Possession is “the deepest relationship that you can have with things”, wrote the known German writer Hannah Arendt.

The impulse and the pride of the collection, interpreted as the pleasure of possession, not only to categorize things but also to preserve the memory and the experience of them, reveal an insuppressible instinct to life. The same vitality that distinguishes Fabio Castelli , entrepreneur and art collector, founder and artistic Director of MIA, Milan Image Art fair: after 20.000 visitors for its fourth edition held in Milan from the 23rd to 25th May 2014, it will arrive in the fall in Singapore (23rd -26th October 2014). Since its first edition the show maintained its own innovative formula: only one artist per booth and a catalogue for each artist, for a total of 180 participating galleries and 28 artists self-collected under the section “MIA proposal”. The 2014 edition also has included special attention to archiving, through the presentation of the prize (in its second edition) in the selection of the most deserving Italian archival institution dedicated to photography; this award was created by IO Donna Magazine in collaboration with MIA Fair and the Museum of Contemporary Photography of Cinisello Balsamo, with the support of Eberhard & Co. This award was addressed to private archives of Italian authors, often forgotten, whose work represents a heritage of artistic importance and of great documentary value. Thus, we met Fabio Castelli, who gently takes the time, for the readers of MyTemplArt Magazine, to explain his career as a collector and operator of cultural importance in the contemporary art system.

Fabio Castelli, ph. A. Lo Priore, MyTemplArt Magazine

Fabio Castelli, ph. A. Lo Priore


Deianira Amico: We would like to begin this interview by investigating your profile as a collector. When and why did you start collecting?
Fabio Castelli: I started collecting a little more than 20 years ago, mainly painting. Refining my taste, started the need in me to move towards the most important authors. In the first place it was the speech quality. My interest then turns to incision, understood not only as a byproduct since multiple copies are made from the same matrix, but as an autonomous language having unique expressive possibilities. My collection includes all artistic periods, from the incunabula to the Renaissance to the contemporary artists, because collecting for me is like an excursion throughout the history of art. When I came across the Barbizon  school, I then met with the cliché-verre, a technique halfway between etching and photo printing, the light impressing the sensitive paper, so I passed to photography. As was the case for incision, I traced the history  through the practice of the collector, expanding my collection from daguerreotypes to contemporary photography. For me, collecting has always been a way to know.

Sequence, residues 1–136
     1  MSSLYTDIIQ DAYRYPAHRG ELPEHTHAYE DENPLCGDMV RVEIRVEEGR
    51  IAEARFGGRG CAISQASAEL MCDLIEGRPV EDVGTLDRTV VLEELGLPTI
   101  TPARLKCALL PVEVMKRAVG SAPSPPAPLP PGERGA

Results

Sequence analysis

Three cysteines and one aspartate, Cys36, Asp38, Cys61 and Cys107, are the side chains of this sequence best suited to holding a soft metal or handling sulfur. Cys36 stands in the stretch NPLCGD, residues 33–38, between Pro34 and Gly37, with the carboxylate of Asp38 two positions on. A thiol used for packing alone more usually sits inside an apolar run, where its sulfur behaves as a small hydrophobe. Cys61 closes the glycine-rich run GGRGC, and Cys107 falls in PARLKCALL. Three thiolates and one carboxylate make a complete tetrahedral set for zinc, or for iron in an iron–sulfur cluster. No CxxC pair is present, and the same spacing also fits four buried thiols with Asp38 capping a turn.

D.A: Of how many works consists your collection and how is it catalogued and preserved?
F.C: There are many. I can just remember the St. Jerome incision by Durer, the cliché-verre by Corot; Man Ray, Ghirri, Horst, Kentridge… Every work has been catalogued with its own card in paper and digital form, with updated values of recent auctions.

D.A:What is, in your opinion, the role of the collector in the contemporary art system and the function of the archive?
F.C: The collector is entrusted with the preservation of the works, which is an important issue. It is a trust for society and posterity. In my opinion collecting is, beyond the selfish aspect of investment, a practice that should contribute o the dissemination of knowledge.

Horst P. Horst, Naked, 1982-1989, platinum print on canvas, 50.5 x 50.5 cm, edition 15

Horst P. Horst, Naked, 1982-1989, platinum print on canvas, 50.5 x 50.5 cm, edition 15, Fabio Castelli collection

D.A: From whom do you buy artworks?
F.C: I buy them from auction houses, galleries, in particular I can remember Photology , Gallery 291 directed by Palazzoli, and that of Lanfranco Colombo, Il Diaframma, at Via Brera. I also bought a lot from the artists, Basilico and Fontana for example, with whom I had personal relationships of respect and friendship.

D.A: How do you relate with institutions? Is it you ambition that your works become part of a public collection?